https://www.ncbi.nlm.nih.gov/pubmed/27521810
MS Speaks--online for 12 years

SPMS, diagnosed 1980. Avonex 2001-2004. Copaxone 2007-2010.

Offline agate

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MS Speaks--online for 12 years

SPMS, diagnosed 1980. Avonex 2001-2004. Copaxone 2007-2010.

Offline agate

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AAN2018: Ibudilast slows brain atrophy in trial
« Reply #3 on: April 25, 2018, 03:59:20 pm »
From Multiple Sclerosis News Today (April 19), a brief report on a presentation at the AAN conference currently in session, "#AAN2018: Potential MS therapy ibudilast slows brain atrophy in trial":


https://multiplesclerosisnewstoday.com/2018/04/19/aan2018-ibudilast-slows-brain-atrophy-progressive-multiple-sclerosis-phase-2-trial/?utm_source=Multiple+Sclerosis&utm_campaign=e3d7ca8aab-RSS_US_EMAIL_CAMPAIGN&utm_medium=email&utm_term=0_b5fb7a3dae-e3d7ca8aab-71286581
MS Speaks--online for 12 years

SPMS, diagnosed 1980. Avonex 2001-2004. Copaxone 2007-2010.

Offline agate

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This study, which involved both secondary and primary progressive MS patients, was funded by a large number of major organizations.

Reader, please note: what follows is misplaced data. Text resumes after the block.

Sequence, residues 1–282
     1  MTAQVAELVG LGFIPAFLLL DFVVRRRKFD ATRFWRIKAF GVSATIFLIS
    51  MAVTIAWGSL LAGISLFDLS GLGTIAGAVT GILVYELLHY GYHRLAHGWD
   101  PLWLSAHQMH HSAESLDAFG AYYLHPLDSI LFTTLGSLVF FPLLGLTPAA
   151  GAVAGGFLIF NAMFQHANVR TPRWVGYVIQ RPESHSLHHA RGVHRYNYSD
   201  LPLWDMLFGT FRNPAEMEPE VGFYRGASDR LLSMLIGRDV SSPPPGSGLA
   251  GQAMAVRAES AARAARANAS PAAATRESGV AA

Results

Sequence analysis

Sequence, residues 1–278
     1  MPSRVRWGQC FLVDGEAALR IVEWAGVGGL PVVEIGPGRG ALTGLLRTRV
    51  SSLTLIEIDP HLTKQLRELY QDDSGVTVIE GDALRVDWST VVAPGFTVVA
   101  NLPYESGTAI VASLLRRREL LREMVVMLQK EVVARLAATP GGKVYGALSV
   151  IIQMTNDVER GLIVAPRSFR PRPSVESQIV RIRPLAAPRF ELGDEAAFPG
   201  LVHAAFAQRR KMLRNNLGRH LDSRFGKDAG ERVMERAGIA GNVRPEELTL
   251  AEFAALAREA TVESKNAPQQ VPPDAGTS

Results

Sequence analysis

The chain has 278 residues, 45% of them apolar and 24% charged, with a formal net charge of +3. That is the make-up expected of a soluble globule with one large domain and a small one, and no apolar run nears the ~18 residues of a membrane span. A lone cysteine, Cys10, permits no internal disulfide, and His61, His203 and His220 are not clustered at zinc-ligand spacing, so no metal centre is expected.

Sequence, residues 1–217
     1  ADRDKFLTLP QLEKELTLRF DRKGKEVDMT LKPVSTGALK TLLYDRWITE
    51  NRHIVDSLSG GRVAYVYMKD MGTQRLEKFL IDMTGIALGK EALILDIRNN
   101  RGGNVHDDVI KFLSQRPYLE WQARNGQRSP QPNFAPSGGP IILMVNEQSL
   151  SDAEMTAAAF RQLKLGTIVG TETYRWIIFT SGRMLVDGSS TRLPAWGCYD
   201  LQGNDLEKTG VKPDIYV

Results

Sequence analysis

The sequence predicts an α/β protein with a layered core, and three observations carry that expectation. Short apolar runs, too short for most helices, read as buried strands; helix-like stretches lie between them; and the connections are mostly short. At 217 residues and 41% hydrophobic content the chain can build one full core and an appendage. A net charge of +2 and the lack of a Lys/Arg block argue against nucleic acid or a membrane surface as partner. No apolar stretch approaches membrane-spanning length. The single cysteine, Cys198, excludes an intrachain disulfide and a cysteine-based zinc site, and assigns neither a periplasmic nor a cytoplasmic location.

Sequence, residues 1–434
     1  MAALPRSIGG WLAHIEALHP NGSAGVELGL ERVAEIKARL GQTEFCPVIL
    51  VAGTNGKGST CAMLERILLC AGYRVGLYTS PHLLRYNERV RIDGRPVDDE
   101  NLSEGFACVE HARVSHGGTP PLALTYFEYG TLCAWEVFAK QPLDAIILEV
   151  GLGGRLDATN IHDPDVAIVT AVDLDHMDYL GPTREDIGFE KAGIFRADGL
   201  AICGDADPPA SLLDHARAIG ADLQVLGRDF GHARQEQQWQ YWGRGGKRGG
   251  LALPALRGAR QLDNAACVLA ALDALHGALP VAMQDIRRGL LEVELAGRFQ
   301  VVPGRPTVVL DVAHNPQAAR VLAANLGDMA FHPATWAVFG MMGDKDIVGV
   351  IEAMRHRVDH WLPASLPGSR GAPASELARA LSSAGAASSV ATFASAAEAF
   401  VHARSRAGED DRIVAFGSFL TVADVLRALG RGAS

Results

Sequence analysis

Quote
Supported by grants from the National Institute of Neurological Disorders and Stroke (NINDS) (U01NS082329) and the National Multiple Sclerosis Society (RG 4778-A-6) and by MediciNova through a contract with the National Institutes of Health (NIH). The NeuroNEXT Network is supported by the NINDS (Central Coordinating Center, U01NS077179; Data Coordinating Center, U01NS077352; and individual grants to each trial site). Research reported in this article was also supported by grants from the National Center for Advancing Translational Sciences of the NIH to Case Western Reserve University (UL1 TR000439), Columbia University Medical Center (UL1 TR 000040), Montefiore Medical Center (UL1 TR002556), Oregon Health and Science University (UL1TR0002369), University of Cincinnati (UL1 TR001425-03), University of Colorado Denver (KL2 TR001080), Washington University in St. Louis (UL1 TR000448), and Weill Cornell Medical Center (UL1 TR000457).
The link below is to an abstract in the New England Journal of Medicine (August 30, 2018):
https://www.nejm.org/doi/full/10.1056/NEJMoa1803583?query=TOC
« Last Edit: August 30, 2018, 08:57:08 pm by agate »
MS Speaks--online for 12 years

SPMS, diagnosed 1980. Avonex 2001-2004. Copaxone 2007-2010.

Offline agate

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An article about it in MD (August 29, 2018)--"Ibudilast Explored for Progressive MS in Phase 2 Trial":


https://www.mdmag.com/medical-news/ibudilast-explored-for-progressive-multiple-sclerosis-in-phase-2-trial


MS Speaks--online for 12 years

SPMS, diagnosed 1980. Avonex 2001-2004. Copaxone 2007-2010.

Offline agate

  • Administrator
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  • MS diagnosed 1980
  • Location: Pacific Northwest
MS Speaks--online for 12 years

SPMS, diagnosed 1980. Avonex 2001-2004. Copaxone 2007-2010.